Environment & Business - review of the year 2005
2005 is likely to be remembered by the environmental business community for Gordon Brown's shock announcement that Government was scrapping the Operating Financial Review just months before it was due to come into effect but there have been plenty of other changes for the number crunchers to get their teeth into.The doomed OFR followed a familiar path through 2005.
First, there was the anticipation, even excitement, that the Government was effectively going to legislate for CSR, forcing the big players to behave by obliging them to report on their social and environmental impact (see related story).
With OFR on the horizon, the engines of industry began gearing up for it with many recognising the value of being ahead of the game (see related story) and large, in some cases massive, amounts of money was invested in the preparation.
Then, as the year drew to a close, came Gordon Brown's bombshell - actually, scrap that idea, we won't have OFR after all as responsible business can regulate itself (see related story).
Even industry was flabbergasted, on the one hand pleased the burden had been removed, on the other more than a little annoyed that significant sums had been wasted on complying with legislation that had now been unceremoniously dumped.
Environmental campaigners took it further, saying they would mount a legal challenge against the Chancellor who they argued had no right to scrap the review without following due process (see related story).
Encouraging words from UK Pensions Minister Stephen Timms may have also helped the cause of CSR, as he argued it made sound financial sense to invest in companies which could demonstrate they behaved responsibly as they had less of a reputational risk than those which could not ( see related story).
The year will also be noted for a growth of grassroots activism in the developing world and an indication its peoples will not settle for deals imposed on them by the IMF or accept the unchallenged wealth and power of the huge multinationals that operate within their borders.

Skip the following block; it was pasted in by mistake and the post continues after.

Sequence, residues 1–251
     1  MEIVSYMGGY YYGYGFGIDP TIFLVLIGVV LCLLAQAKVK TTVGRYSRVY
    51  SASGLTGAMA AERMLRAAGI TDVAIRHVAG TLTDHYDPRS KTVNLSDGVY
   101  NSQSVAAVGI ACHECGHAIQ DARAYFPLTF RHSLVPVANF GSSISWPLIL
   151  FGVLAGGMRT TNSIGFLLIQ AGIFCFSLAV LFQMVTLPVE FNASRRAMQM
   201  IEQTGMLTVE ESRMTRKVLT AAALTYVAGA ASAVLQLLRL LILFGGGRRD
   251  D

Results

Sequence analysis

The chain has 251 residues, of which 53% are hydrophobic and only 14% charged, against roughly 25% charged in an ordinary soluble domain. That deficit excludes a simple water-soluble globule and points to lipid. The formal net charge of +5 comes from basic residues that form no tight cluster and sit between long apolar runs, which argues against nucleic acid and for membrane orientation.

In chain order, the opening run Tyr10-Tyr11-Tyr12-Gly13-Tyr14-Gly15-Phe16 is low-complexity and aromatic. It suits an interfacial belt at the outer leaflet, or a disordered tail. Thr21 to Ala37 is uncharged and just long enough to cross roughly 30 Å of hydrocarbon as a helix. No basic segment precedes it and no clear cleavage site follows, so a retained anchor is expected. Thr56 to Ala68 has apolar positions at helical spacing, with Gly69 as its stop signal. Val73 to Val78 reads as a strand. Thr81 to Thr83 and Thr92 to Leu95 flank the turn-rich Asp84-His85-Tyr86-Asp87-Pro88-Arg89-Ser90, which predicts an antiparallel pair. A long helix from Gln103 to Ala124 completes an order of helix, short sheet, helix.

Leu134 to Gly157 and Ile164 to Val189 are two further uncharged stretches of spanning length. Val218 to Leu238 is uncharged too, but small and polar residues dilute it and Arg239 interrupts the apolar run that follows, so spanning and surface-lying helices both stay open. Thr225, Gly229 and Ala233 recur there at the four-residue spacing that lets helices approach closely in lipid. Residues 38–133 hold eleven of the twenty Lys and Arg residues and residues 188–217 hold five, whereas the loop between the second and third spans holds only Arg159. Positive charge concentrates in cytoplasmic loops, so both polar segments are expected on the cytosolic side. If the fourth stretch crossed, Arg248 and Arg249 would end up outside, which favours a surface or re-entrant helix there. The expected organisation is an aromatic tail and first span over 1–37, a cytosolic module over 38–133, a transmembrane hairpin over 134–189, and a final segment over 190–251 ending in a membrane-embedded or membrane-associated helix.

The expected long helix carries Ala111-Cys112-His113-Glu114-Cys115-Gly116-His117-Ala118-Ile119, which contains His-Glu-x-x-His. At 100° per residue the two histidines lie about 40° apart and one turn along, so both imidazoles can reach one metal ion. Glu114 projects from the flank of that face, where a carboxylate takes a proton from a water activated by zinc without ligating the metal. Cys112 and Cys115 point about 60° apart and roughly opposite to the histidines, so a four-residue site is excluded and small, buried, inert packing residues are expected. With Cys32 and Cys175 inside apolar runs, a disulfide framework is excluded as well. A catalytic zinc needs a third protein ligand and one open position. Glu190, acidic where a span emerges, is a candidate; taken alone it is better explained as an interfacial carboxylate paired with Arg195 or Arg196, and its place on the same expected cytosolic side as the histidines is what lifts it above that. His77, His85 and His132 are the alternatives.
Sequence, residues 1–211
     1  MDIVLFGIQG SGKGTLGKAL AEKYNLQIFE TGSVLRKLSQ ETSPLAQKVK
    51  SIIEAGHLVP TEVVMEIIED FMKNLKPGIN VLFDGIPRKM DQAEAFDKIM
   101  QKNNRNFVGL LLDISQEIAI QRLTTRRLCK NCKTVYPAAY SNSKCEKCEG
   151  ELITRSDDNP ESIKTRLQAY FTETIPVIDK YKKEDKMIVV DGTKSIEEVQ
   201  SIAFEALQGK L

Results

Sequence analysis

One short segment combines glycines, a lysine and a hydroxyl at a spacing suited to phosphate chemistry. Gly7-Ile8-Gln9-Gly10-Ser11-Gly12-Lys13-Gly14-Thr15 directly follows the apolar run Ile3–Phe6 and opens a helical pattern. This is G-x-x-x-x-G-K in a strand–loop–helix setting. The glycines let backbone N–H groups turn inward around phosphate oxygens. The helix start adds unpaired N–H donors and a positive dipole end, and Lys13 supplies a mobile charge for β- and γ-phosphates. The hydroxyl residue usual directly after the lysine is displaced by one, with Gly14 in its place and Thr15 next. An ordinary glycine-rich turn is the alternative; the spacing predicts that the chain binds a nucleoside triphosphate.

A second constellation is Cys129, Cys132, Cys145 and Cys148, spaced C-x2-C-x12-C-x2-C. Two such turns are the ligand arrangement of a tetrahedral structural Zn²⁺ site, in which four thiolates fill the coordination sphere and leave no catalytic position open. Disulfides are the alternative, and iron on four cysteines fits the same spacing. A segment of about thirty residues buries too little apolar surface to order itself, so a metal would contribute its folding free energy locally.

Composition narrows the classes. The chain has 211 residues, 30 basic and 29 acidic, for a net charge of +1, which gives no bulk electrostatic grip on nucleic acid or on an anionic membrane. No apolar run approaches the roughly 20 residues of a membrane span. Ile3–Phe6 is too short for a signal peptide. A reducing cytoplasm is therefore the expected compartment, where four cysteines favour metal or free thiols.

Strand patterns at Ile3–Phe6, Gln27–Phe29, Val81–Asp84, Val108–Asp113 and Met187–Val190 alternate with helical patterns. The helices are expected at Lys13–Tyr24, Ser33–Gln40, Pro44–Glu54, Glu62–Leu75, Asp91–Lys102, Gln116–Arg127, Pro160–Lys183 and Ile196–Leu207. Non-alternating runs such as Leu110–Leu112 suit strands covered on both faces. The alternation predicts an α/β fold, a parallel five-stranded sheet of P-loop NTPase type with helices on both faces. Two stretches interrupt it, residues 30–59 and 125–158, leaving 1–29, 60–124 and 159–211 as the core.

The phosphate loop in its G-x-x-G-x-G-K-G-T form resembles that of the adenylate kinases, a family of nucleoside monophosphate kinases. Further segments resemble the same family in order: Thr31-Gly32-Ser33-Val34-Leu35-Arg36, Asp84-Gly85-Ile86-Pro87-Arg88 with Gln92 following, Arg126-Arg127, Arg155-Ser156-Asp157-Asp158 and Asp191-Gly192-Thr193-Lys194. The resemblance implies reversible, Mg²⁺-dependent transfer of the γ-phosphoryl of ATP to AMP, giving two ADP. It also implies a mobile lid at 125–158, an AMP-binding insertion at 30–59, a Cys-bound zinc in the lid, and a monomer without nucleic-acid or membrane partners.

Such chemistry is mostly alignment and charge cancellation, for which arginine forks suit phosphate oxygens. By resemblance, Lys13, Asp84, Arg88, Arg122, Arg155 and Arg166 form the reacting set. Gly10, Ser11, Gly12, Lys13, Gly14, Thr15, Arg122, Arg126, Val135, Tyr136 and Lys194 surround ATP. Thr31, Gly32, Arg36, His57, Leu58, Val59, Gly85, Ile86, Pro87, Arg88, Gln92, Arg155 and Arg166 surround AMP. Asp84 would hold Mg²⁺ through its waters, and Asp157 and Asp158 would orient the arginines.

Bolivia saw riots over the privatised water supply while Venezuela reined in the energy giants, tearing up existing contracts and rewriting them, making the government the majority partner in all oil and gas extraction projects rather than giving the companies a free hand.
Chevron found itself in court as Nigerian villagers alleged the oil company had paid soldiers to kill those who had complained about its operations in the Niger Delta (see related story).
In Tanzania the government unexpectedly terminated a contract with international consortium City Water, claiming the private partnership had not done enough to improve the water and sewage network to justify the money it had received (see related story).
Coca Cola also ran afoul of the authorities, this time in India, where the long-running dispute over pollution and excessive water use at one of its plants in the state of Kerela led to the facility's closure (see related story).
And it was not just in the developing world that soft drinks mega-corporations were in trouble. Back in the USA a Seven-Up subsidiary received a record US$1m fine for failing to tackle pollution problems at a riverside plant (see related story).
But even this mammoth fine was dwarfed by that handed to a little-known shipping company, MSC Ship Management Hong Kong, which was forced to pay a staggering US$10m after a Coast Guard inspection of a ship in Boston Harbour discovered a 'magic pipe' - a device designed to actively pump oil sludge and other pollutants into the ocean when travelling between ports (see related story).
Closer to home Henderson Global Investors published the estimated carbon emissions of FTSE 100, showing that Shell topped the chart by producing almost a quarter of the total of that emitted by all the listed companies.
Taken together oil & gas, electricity, mining, steel and leisure generated 85% of the total, despite netting nowhere near that figure in terms of market share (see related story).
By Sam Bond